Girls, girls, girls. Never mind the teapot tapes. This election year we’re debating the semiotics of the wardrobes of female politicians. Pioneering feminists and the Speaker of the House clearly never thought to sort out what a woman is allowed to say while wearing an Adrienne Winkelmann jacket. The jacket police – National’s Anne Tolley and Judith Collins – make the callow core characters of Girls seem like paragons of acumen and sisterhood.
Still, Lena Dunham’s excruciating series has taught us that these days girls can do anything, including being childish, self-absorbed and mean. “You’re not gonna get any milk out of those tits,” observed Adam’s ex, Natalia, on his new girlfriend Hannah’s reproductive potential. Ouch.
And we find that Jessa’s sometime best friend, Season, faked her own death to get rid of Jessa. An eternal unfriending. “Looks like you got it all figured out with your brownstone and your baby and your cool-looking husband,” Jessa sneers, of Season’s drug-and-Jessa-free life. “None of this is going to work out for you, by the way.” Jessa could give Judith Collins a run for her money.
It would make complete sense in Girls-world that Tolley and Collins would decree that Greens co-leader Metiria Turei can’t talk about poverty or social justice while wearing an ugly, expensive jacket. Even as they sport such jackets themselves. Well, it distracts people from talking about poverty and social justice.
Tolley took exception to being called out of touch by Turei, who “lives in a castle”. Turei cried racism, sexism and possibly castle-ism. Collins came to the rescue, in the manner of one putting out a fire by chucking petrol on it. In hilarious footage on TVNZ’s website Collins explains the finer points of Turei’s alleged hypocrisy. Did she have a problem with Turei wearing a $2000 jacket?
“Only if she is going to stand up there and talk about child poverty and about how the National Party is out of touch,” said Collins. On calling the jacket ugly: “Well, it was a really ugly jacket.” Why can’t nicely dressed MPs champion poverty? wondered a bewildered reporter. “Well, they can, but she doesn’t dress nicely,” beamed Collins dangerously. By now even Collins seemed to sense she was about to be engulfed by a king tide of her own balderdash and took off.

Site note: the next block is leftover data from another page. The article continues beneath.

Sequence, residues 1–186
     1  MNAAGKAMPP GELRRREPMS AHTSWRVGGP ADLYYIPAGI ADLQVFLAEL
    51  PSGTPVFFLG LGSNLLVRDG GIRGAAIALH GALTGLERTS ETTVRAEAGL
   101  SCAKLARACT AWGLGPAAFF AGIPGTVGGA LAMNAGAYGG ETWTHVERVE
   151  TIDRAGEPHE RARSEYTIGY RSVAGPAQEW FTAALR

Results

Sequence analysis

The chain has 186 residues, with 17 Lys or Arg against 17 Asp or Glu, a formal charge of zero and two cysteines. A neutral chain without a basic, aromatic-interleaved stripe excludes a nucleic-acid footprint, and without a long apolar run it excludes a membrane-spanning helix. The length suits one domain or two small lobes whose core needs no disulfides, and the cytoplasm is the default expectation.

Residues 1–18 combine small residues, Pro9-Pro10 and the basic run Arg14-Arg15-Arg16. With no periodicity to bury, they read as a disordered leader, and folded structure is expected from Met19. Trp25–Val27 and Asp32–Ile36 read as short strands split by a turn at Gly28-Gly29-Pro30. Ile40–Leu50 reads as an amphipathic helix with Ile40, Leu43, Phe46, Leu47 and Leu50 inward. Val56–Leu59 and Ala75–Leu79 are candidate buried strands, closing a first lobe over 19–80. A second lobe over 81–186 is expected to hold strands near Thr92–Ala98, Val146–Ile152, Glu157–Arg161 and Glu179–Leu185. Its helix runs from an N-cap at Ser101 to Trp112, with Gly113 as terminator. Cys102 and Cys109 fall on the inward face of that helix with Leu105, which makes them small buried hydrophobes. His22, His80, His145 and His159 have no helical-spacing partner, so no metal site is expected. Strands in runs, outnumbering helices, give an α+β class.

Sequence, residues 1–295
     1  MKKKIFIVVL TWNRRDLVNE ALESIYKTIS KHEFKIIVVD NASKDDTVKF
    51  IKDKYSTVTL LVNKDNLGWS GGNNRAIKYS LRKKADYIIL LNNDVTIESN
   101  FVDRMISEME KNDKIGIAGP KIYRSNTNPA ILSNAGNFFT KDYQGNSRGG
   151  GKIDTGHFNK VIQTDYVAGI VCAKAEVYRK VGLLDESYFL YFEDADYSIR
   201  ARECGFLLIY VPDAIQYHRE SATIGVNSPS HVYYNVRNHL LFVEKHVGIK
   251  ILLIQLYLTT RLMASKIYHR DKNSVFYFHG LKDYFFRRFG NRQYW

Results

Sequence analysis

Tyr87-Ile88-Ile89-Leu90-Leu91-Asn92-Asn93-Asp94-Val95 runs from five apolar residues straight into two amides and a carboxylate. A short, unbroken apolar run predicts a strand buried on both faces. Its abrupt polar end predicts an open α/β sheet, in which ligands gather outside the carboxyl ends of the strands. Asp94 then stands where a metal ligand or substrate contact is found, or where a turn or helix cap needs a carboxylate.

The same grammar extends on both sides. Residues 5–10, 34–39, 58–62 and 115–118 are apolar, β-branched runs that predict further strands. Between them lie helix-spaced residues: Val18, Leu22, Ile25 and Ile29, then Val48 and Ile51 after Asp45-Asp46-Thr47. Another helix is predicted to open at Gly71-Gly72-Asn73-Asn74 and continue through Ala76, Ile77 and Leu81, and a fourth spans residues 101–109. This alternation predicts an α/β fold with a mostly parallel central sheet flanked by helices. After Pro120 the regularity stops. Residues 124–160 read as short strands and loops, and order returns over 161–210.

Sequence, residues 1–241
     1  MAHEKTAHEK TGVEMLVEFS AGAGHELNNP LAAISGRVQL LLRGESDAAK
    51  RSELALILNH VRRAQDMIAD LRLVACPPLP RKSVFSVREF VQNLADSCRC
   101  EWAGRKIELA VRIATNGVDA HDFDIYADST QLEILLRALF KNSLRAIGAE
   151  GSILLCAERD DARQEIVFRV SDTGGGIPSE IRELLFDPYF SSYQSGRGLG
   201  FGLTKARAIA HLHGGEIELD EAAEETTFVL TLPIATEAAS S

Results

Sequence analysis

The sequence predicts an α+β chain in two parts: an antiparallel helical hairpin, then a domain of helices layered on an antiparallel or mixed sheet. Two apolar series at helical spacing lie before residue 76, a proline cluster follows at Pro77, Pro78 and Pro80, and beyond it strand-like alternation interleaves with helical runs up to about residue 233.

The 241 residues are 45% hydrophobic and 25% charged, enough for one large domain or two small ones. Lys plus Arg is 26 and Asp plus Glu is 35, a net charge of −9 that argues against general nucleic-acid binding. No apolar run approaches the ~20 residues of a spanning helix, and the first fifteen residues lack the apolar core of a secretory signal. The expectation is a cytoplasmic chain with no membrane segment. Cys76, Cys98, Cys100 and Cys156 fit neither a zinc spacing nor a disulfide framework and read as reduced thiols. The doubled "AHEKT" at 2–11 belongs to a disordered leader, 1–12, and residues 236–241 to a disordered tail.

Meanwhile, the media have been beating a path to Turei’s Dunedin castle, which turns out to be a sort of hippie folly. “How much did it cost?” wondered John Campbell. “$137,000,” said Turei. “The cost of a house deposit in Auckland,” mused Campbell.
Is Turei’s flash wardrobe even news? Former Green MP and beauty queen Sue Kedgley was always smartly turned out, even when in a sow crate. Still, the disturbing sitcom that is Parliament offers clues when it comes to understanding the girls on Girls. You have to admire Hannah and co’s largely baseless confidence, their defiant nudity, their soaring sense of entitlement. Yet you’re aghast at their self-absorption, their casual cruelty, their stunning lack of self-awareness.
Hannah fails to register a scintilla of emotion at the death of her editor David, other than to worry about her wretched ebook he was meant to publish. Ray at Café Grumpy is … aghast. “Hannah, why don’t you place just one crumb of basic human compassion on this fat-free muffin of sociopathic detachment? See how it tastes.”
She can’t. All she can come up with in order to demonstrate some normal empathy is to steal an already faked childhood memory of compassion and pass it off as her own, in a scene that was a little chilling. It was also very funny. Kids today. But we can’t really afford to laugh at their craven values. Episodes like the jacket wars show where they get it from. As they search in vain for a crumb of wisdom or leadership in the fat-free muffin of our public life, their role models let them down.
GIRLS, Sky Soho, Thursday, 8.30pm.